What We Hear
©2010 Rebecca Rhielle
Walking gingerly toward Marjorie’s chair, Sadie said a silent prayer that today would be one of the ‘good days’. She had no first hand knowledge of the woman’s condition, caused by head trauma sustained in the same accident that had taken Arnold’s life, but from what Arnold had told her it was always a gamble. Marjorie could be lucid and clear, but more often than not she would rant wildly and strike out at anyone near her. Sadie’s ghostly pal had also informed her that Marjorie had a deep, abiding faith – one that didn’t exactly align with the practice of talking to dead people, so this was likely to be a difficult conversation.
She sat in the chair across from Mrs. Walker, noting the youthful smoothness of her face, though she had to be in her late seventies. Her whiskey-colored eyes were focused somewhere far-off, and Sadie was certain she saw nothing beyond her window.
“C’mon girl,” Arnold prodded. “Talk to my lady. Tell her I’m here, I’m okay. Tell her I love her.”
Sadie took a deep breath.
“Hello, Mrs. Walker. My name is Sadie. You don’t know me, but I know … er … knew your husband, Arnold. I wondered if we could talk about him for a moment?”
“Keep going,” Arnold pleaded.
Gently, Sadie laid a hand on Marjorie’s clasped ones.
“Marjorie?” she inquired softly. “I just want to help.”
“Help?” came the terse reply, as Marjorie jerked her hands away. “And just how do you plan on doing that, girl?”
She turned her sharp gaze toward Sadie. “My husband is dead. There is no help to be had. Now I’m just waitin’ my turn so I can see him again.”
Saying no more, she turned her head and resumed her study of the window.
Well. I guess this would qualify as a ‘good day’, then, Sadie thought ruefully. She seems lucid enough to me. Time to try it out.
“Mrs. Walker, what if I told you there was a way to communicate with your husband – right here, right now – and that he is always around you? That he never left you, even for a moment?”
The woman’s hands squeezed together so tightly that the knuckles went white. She moved slowly, turning her whole body to face Sadie.
“Get. Out.” The fierceness of the statement left no confusion as to how she felt about this subject.
“Marjorie, I … “
“Do I know you?” the elder woman retorted.
Answering her own question, she continued, “No, I don’t. And I don’t believe you knew my Arnold either, girl. So you take your heathen, spirit-talkin’ ways and exit my presence. Do I make myself clear? Or do I have to call security?”
Her eyes had gone hard, clear as a morning sky and just as unreadable.
“Tell her you know about the edelweiss,” Arnold said quickly, “About the time we went to Austria when we were young, before Henry was born. Tell her you know what she told me, and you know that I tried.”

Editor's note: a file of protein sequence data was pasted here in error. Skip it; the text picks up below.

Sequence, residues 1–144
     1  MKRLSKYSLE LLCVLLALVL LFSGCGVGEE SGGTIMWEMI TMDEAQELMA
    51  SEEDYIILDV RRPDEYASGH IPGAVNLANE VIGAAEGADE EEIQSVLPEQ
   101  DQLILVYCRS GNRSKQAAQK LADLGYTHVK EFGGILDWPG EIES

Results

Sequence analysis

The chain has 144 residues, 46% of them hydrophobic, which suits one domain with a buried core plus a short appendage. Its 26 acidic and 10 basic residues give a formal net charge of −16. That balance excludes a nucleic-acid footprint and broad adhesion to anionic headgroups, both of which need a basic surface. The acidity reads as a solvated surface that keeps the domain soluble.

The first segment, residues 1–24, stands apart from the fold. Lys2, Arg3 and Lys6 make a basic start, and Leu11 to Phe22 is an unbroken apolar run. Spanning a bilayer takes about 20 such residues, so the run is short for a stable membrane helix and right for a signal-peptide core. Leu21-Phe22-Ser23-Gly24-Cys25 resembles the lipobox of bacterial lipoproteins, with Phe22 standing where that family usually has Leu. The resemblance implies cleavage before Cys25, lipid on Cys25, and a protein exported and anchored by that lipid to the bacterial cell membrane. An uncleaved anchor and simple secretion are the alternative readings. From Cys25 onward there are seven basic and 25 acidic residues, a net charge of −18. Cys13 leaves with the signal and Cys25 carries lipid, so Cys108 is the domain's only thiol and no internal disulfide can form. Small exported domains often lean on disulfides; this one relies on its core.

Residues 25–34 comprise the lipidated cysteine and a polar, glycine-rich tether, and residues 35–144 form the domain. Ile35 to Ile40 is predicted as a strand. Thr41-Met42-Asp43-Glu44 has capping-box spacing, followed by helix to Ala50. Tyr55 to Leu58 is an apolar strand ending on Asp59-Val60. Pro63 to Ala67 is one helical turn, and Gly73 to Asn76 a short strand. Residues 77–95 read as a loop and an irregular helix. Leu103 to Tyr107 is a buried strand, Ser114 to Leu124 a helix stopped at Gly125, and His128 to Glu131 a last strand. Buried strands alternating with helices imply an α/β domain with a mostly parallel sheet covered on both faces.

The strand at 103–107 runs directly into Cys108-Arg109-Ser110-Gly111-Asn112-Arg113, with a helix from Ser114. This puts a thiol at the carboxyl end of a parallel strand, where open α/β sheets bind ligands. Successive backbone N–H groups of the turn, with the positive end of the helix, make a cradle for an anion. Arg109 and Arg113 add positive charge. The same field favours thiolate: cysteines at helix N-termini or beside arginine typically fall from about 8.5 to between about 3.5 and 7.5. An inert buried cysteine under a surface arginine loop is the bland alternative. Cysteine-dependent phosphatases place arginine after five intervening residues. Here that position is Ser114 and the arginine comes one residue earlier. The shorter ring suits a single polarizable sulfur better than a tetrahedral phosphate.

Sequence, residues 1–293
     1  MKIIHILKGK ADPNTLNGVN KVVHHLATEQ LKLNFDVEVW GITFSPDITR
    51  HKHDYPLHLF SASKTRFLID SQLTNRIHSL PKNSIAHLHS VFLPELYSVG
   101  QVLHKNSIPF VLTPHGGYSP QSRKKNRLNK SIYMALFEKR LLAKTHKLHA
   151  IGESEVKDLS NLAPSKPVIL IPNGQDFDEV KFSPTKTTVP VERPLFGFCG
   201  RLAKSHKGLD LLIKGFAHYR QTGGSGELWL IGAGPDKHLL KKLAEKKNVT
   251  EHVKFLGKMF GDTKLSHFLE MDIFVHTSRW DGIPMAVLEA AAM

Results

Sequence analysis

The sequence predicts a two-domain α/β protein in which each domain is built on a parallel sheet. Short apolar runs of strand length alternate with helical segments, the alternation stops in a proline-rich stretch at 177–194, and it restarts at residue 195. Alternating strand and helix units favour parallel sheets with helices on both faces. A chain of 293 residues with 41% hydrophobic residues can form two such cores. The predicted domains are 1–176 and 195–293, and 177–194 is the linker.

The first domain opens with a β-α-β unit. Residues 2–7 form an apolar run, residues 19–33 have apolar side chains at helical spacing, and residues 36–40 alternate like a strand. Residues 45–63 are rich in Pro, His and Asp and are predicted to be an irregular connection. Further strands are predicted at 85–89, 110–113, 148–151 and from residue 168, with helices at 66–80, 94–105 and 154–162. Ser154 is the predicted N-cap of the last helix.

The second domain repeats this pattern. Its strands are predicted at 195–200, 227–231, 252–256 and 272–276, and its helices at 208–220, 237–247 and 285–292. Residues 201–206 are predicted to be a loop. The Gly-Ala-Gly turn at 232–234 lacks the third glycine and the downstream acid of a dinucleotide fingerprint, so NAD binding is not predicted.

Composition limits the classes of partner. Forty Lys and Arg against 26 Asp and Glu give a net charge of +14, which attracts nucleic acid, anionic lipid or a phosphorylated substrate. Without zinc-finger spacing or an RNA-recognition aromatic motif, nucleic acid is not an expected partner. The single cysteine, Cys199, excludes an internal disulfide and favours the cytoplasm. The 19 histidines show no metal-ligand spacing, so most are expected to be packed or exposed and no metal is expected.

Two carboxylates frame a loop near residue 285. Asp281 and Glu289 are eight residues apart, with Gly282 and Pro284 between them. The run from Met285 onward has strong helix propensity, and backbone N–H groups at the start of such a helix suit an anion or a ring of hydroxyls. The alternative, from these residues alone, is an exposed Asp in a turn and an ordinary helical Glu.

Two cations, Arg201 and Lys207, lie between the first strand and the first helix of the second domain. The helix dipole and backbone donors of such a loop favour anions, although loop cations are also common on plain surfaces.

At that moment Marjorie stood from her chair, a formidable form, and placed her hands on her hips defiantly.
“You have exactly three seconds to leave this room, missy, or I’m calling security and having you thrown out on your skinny white butt! Do you hear me?”
Sadie stood and took a step backward before she realized what she was doing. She could only imagine what a force this woman had been before the accident.
“Tell her!” Arnold was screaming in her head.
“I … I know about the edelweiss,” Sadie managed to stutter. “I know about your trip to Austria before Henry was born.”
Arnold’s wife went stock still, her face a few shades paler than before.
“What did you just say to me?” she whispered.
“Yes,” Arnold whispered back. “Yes, keep going, girl. You’ve got her now!” he chuckled.
“Arnold told me. He told me about your trip, and something about edelweiss, and what you asked him to do. He said he did the best he could. Do you know what that means?”
Marjorie took a few shaky steps forward, staring hard at Sadie.
“How do you know that? How can you possibly know …” she trailed off.
“Arnold told me,” Sadie repeated.
“When? When did he tell you this?”
Sadie breathed deep. All or nothing, now.
“About thirty seconds ago.”
Confusion twisted Marjorie’s face, making her look more her age.
“Mrs. Walker, please … just hear me out. I’m not here to cause trouble, I promise you. Give me a chance to explain.”
Marjorie studied Sadie for a moment, seeming to consider what she had said.
“I said okay.” She walked back to the chair and sitting down, arms crossed, chin up.
“Now start talkin’.”
Arnold’s booming laugh echoed through Sadie’s head.
“That’s my girl. That’s both my girls! Now this is gettin’ good!”